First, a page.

Harjes: I did not -- I'm trying to wean myself off of it. But I know plenty of people who did.
Macaluso: [laughs] I certainly did, and I like a little bit of sugar in my coffee, so the sensation of both bitter and sweet tastes are modulated by GPCRs, as well as other senses like sight and smell. There are also cardiovascular functions, and even certain types of mood, like happiness, are modulated by GPCRs, like serotonin receptors. So they're very prevalent for a variety of biological processes.
Harjes: So how exactly are they important to the drug industry?
Macaluso: Well, and it might be surprising, but around 30% of prescription drugs currently on the market target a GPCR. So they've been around for a long time, and it's still a very hot area of research. One example is Heptares. This is a GPCR specialist who was recently acquired for around $400 million. There are a number of companies working in this area. And also, just to put this in context, the first crystal structure of a human GPCR won the Nobel Prize in 2012. And that paper was published in 2007. So, often, with Nobel Prizes, it could take a couple decades, three or four decades, to be recognized for work. In this case, it was only five years.
So GPCRs are incredibly important to the drug industry. They'll continue to be. And there are a lot of prominent examples of drugs that target this class of proteins. Zyprexa from Eli Lilly, that treats schizophrenia, is an example. You've probably heard of Clarinex as well; that's a popular antihistamine made by Merck, and Zantac, made by Boehringer Ingelheim. Those are three prominent examples.
Harjes: Yeah. To add to that list, because there really are a ton of them, we've got Advair Diskus from GlaxoSmithKline, Abilify, Oxycontin. There are really a ton of these. Do you want to maybe pick one in particular, a company working in the space, and go a little bit deeper?
Macaluso: Sure. Well, I think a lot of listeners are familiar with Arena Pharmaceuticals (ARNA). It's very active in this field. It has one FDA-approved drug for the treatment of obesity that's called Belviq. Kristine, I don't know if you've talked about it on the show before.
Harjes: I would be surprised if we haven't. The obesity-drug makers have definitely garnered a lot of interest, particularly in the early goings of these drugs. Really, really huge promise. Obesity is something that a lot of people are struggling with, so, you look at that market, and you say, "Oh, man, if somebody could create a good drug to minimize obesity, that should be huge." But ...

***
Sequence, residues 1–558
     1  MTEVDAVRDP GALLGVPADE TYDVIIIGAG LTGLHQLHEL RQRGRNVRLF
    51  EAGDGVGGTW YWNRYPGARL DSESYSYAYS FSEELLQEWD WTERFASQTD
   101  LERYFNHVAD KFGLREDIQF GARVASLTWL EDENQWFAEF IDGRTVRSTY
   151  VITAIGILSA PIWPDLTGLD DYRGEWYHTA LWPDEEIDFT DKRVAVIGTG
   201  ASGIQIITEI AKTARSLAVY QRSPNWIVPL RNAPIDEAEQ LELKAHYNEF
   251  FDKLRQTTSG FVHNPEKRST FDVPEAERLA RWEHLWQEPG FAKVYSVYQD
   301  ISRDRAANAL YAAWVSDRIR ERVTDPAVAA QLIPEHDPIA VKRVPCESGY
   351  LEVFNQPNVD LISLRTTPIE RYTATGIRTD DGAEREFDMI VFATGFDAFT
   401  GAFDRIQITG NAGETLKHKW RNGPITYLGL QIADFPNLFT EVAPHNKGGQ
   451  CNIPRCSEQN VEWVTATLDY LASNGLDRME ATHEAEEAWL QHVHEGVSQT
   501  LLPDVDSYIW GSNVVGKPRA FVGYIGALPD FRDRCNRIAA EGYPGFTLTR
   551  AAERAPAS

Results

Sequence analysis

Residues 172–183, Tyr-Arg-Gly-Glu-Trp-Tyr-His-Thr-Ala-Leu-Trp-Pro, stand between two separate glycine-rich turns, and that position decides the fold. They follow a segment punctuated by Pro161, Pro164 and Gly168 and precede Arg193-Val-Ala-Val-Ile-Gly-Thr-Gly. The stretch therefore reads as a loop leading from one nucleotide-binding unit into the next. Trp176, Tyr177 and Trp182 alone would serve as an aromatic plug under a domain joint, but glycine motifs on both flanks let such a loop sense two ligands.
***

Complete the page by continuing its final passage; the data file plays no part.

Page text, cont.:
Macaluso: Exactly, it should be. If you look at the performance of Arena over the last year, shares have dropped around 65%; over the last 10 years they've dropped around 90%. And a lot of that decline has been driven by the hype around obesity medications, and, unfortunately, the poor sales that have followed the launch. So, like you said, a lot of companies were competing for a piece of this market.
They all found that demand for the drug for this indication just was not as robust as they previously thought. Now, what's interesting about Arena is, even though sales of Belviq have been very slow to ramp up, at the J.P. Morgan conference, they mentioned that they're going to try to de-emphasize its obesity drug and instead focus on its pipeline, which is full of drugs that target GPCRs. I think it's a good move. I think there's a lot of interesting drugs in development there. One targets the S1P1 receptor, GPCR, so that's in that drug class as well. This is a very competitive market. There are drugs from Celgene and Actelion that Arena would have to potentially compete with if it gets FDA approval. But it's also a big market in the autoimmune space.
Arena also has a partnership with Boehringer Ingelheim on CNS drugs that could lead to more than $240 million in milestone payments. But, you know, look at Arena's cash burn. It's around $100 million last year. It does have $150 million in cash, so there's not an immediate cash crunch coming. But as an investor, I would say wait until you see some of the readouts from its phase 2 trials. Don't focus too much on the phase 1 trials in this pipeline; it's still way too early to attribute any value to those. So, you know, I would say, wait for readouts from the phase 2 trials before revisiting it. And, at the same time, there are other companies that we'll talk about later in the show that have even deeper pipelines than Arena.
Harjes: Yeah. I think the concept of "let's wait and see" is pretty directly relevant to the next class of drugs that we wanted to talk about, which is RNAi.
Macaluso: Yeah. RNAi is another incredibly interesting class. It refers to RNA interference. So, to put it all in context, there's a cascade of information that goes from DNA to RNA to the creation of proteins. So RNA helps make proteins like GPCRs and little peptides that bind to GPCRs in the body. And we just talked about how many drugs target GPCRs. So, what RNA interference does is, it moves the process further upstream. Instead of tackling the disease by targeting the protein, you move one step up and interfere with the creation of that protein by attacking messenger RNA that would translate the genetic code into a protein. So it's referred to as gene silencing. And Kristine, it's very complex. It also won a Nobel Prize in 2006, to put that into context, too.